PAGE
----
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Brussels, 10 March 2014
EU research and innovation on preventive vaccines
Important notice: Depending on their intended use, vaccines can broadly be grouped into preventive vaccines (which are administered to healthy persons, to protect them against infectious diseases) and therapeutic vaccines (which are given to treat persons with a disease). The information given in this memo relates to preventive vaccines.
Why is research on preventive vaccines important?
Vaccines are amongst the most efficient weapons to fight serious diseases both in terms of their preventive effects and their cost effectiveness. They protect us against diseases such as tetanus, mumps, measles, rubella, pertussis, varicella, hepatitis A and B, certain pneumococcal infections, and many others. Smallpox has been successfully eradicated and polio and diphtheria have almost disappeared thanks to vaccines.
But the potential of vaccines is not being fully realised, and the protection which they currently offer cannot be taken for granted. This is because of new or re-emerging diseases but also because of dangerous gaps in the vaccination rate of the population against known diseases such as measles. Today, we have no effective vaccines or no vaccines at all against HIV/Aids, malaria, tuberculosis, hepatitis C, or dengue fever.
So investing in research and innovation for new and better vaccines remains a priority for the EU. This investment will also help keep Europe's lead in vaccine research, development and production. Currently, around two-thirds of vaccine research and development worldwide are carried out by European firms.
How does the EU support research and innovation on preventive vaccines?
EU support for vaccines research and innovation comes in number of ways:
Through its Research and Innovation Framework Programmes FP7 (2007-13) and Horizon 2020 (20014-20) the EU is enabling leading researchers and innovators to team up across borders, work together, and jointly develop new and better vaccines. Project examples include:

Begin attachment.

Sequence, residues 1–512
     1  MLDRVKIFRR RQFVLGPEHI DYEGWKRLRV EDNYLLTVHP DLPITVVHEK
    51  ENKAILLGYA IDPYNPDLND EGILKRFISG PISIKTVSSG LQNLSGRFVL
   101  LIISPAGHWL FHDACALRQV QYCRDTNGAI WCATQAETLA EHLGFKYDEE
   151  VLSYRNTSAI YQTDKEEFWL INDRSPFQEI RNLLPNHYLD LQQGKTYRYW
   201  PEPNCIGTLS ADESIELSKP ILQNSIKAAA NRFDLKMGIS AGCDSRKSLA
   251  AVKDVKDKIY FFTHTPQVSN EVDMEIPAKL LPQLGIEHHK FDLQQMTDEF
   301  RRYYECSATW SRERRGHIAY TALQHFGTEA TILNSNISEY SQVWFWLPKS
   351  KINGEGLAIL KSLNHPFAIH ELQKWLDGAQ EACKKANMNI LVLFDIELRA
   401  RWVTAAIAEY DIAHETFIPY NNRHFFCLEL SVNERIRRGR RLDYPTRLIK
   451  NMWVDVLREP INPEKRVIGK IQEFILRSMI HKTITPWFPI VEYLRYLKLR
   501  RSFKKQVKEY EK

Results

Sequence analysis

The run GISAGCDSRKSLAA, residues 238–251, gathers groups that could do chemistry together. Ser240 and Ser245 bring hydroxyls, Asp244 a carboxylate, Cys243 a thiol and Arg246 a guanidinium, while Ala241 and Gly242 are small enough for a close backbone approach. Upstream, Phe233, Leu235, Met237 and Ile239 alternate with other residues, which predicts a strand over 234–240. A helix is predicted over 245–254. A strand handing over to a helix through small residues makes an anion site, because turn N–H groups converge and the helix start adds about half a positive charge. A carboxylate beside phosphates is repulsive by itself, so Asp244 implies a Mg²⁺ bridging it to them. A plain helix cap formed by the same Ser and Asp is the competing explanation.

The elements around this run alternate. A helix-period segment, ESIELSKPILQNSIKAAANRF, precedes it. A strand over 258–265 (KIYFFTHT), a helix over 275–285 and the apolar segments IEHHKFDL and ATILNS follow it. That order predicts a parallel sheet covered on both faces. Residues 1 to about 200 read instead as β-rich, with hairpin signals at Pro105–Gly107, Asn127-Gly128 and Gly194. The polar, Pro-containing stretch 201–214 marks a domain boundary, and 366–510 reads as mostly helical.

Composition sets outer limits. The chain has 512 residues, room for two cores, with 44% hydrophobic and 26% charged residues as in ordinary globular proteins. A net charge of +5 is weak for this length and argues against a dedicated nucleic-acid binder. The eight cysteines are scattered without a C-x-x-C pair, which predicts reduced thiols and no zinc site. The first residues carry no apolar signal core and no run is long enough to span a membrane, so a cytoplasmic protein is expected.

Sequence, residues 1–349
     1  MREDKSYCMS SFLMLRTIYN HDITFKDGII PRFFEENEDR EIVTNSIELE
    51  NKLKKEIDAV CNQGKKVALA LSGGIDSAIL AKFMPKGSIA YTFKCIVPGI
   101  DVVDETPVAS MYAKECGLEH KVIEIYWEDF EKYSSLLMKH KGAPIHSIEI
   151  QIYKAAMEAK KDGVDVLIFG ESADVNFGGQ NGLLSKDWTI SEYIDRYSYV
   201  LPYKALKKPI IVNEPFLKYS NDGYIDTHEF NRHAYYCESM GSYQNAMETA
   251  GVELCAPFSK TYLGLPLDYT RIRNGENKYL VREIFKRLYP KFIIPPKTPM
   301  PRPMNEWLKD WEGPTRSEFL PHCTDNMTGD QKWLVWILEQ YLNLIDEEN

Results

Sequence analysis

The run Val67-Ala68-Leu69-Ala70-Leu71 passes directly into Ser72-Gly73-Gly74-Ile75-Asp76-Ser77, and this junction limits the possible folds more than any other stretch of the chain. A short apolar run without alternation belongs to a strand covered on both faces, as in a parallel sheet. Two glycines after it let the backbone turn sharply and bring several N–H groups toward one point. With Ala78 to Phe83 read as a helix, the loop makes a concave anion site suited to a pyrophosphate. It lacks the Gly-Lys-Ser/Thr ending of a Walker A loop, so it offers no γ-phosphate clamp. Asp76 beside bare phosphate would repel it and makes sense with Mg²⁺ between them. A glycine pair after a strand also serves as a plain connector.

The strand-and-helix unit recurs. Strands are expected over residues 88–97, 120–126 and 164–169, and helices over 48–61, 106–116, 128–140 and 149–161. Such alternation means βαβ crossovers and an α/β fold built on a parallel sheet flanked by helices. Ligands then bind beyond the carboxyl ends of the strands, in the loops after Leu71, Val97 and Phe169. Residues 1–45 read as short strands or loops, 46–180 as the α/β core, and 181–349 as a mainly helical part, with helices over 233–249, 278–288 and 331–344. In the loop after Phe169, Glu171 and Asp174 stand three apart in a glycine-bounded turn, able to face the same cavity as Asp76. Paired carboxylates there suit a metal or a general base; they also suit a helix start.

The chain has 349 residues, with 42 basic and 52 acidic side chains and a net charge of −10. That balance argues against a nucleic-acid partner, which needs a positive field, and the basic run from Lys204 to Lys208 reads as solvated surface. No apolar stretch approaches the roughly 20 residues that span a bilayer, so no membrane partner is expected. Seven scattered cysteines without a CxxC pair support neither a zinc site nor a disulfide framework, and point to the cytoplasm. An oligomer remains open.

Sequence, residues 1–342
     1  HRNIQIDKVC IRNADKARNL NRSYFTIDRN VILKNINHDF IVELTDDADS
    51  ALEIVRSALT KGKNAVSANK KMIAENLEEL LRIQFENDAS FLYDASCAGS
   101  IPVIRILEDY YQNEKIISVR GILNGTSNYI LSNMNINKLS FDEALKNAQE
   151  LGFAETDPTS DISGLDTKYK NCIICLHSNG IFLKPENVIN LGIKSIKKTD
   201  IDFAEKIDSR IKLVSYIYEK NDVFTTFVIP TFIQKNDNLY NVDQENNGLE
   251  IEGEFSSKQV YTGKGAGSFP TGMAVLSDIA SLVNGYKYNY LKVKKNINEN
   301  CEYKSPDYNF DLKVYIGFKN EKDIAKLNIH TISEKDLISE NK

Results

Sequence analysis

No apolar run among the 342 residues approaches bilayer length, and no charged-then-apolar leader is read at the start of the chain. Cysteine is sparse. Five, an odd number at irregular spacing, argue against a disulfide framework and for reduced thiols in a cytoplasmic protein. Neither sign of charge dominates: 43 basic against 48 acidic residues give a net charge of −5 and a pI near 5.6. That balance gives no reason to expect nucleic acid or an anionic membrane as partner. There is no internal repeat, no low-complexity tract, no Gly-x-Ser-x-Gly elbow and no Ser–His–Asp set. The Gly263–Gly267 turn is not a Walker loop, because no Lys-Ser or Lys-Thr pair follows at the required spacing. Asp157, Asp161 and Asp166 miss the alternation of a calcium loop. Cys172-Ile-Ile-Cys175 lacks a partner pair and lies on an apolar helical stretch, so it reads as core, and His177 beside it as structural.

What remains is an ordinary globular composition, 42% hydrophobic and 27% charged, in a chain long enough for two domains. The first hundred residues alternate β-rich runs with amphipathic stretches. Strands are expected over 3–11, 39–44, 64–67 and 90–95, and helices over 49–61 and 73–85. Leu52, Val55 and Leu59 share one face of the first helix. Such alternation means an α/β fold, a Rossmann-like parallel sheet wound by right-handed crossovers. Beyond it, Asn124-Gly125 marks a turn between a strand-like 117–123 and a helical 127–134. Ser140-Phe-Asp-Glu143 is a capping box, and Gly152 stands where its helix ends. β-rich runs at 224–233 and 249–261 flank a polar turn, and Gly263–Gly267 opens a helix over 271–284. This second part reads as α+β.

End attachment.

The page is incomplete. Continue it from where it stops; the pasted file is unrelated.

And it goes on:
The EU also invests alongside Europe's pharmaceutical industry in the Innovative Medicines Initiative (IMI) to pave the way for next generation vaccines, medicines and treatments. For instance, IMI's BioVacSafe and ADVANCE projects work to increase vaccine safety and to improve the testing and benefit-risk analyses of vaccines.
Supported by the EU, 16 European and 29 Sub-Saharan African countries work together within the European and Developing Countries Clinical Trials Partnership (EDCTP) to combat HIV/AIDS, tuberculosis, malaria and neglected diseases, including the clinical testing of new vaccines.
The EU's first ever innovation inducement prize encouraged inventors to overcome one of the biggest barriers to using vaccines in developing countries: the need to keep them stable at any ambient temperature. German biopharmaceutical company CureVac GmbH has just won this prize (IP/14/xxx).
Support to small and medium-sized enterprises (SMEs):
Involving innovative SMEs in EU vaccine research is a priority. Some 60 companies are participating in projects of the FP7 'Health' programme, supported by more than €40 million of EU funding. And Horizon 2020 will offer new opportunities to SMEs including a new SME instrument, improved access to risk finance, and special emphasis on SMEs in certain areas of collaborative research such as biomarkers.
How much money has the EU invested in preventive vaccine research, and what progress has been made so far on the ground?
Just within the 'Health' area of its 7th Research Framework Programme (2007-13), the EU has invested some €223 million into 41 collaborative research projects (list of these projects in the annex).
One result of this investment is Europe global lead in tuberculosis vaccine innovation, where EU-funded research helped identify most of the vaccine candidates for this disease which are currently being tested. Horizon 2020 funding will allow taking this work further and there are plans for new global tuberculosis vaccine partnership.
Five separate EU-funded projects are now working on a universal flu vaccine, developing techniques to teach our immune systems to recognise any flu strain removing the need for scientists to develop new vaccines each time a new strain appears.
Thanks to EU-funding there are now also early-stage research and clinical trials on a number of so-called neglected infectious diseases - such as leishmaniasis or schistosomiasis – which are harboured mostly in developing countries and which attract very little private sector research funding. Success could improve close to a billion lives and support economic growth in countries held back by poor health.
What about global cooperation?
Health research is a global endeavour and research and innovation on vaccines are no exception.
The European and Developing Countries Clinical Trials Partnership (EDCTP) is good example of how global challenges can be successfully addressed by the international community jointly and in partnership.
International co-operation is also a key element of the new Horizon 2020 programme which is open to participation from across the world and in which the EU would like to involve a growing number of international partners.
Finally, the European Commission collaborates with international key players in the field of vaccine research and innovation, such as the Gates Foundation or the WHO, to develop vaccine initiatives against specific diseases like tuberculosis and malaria.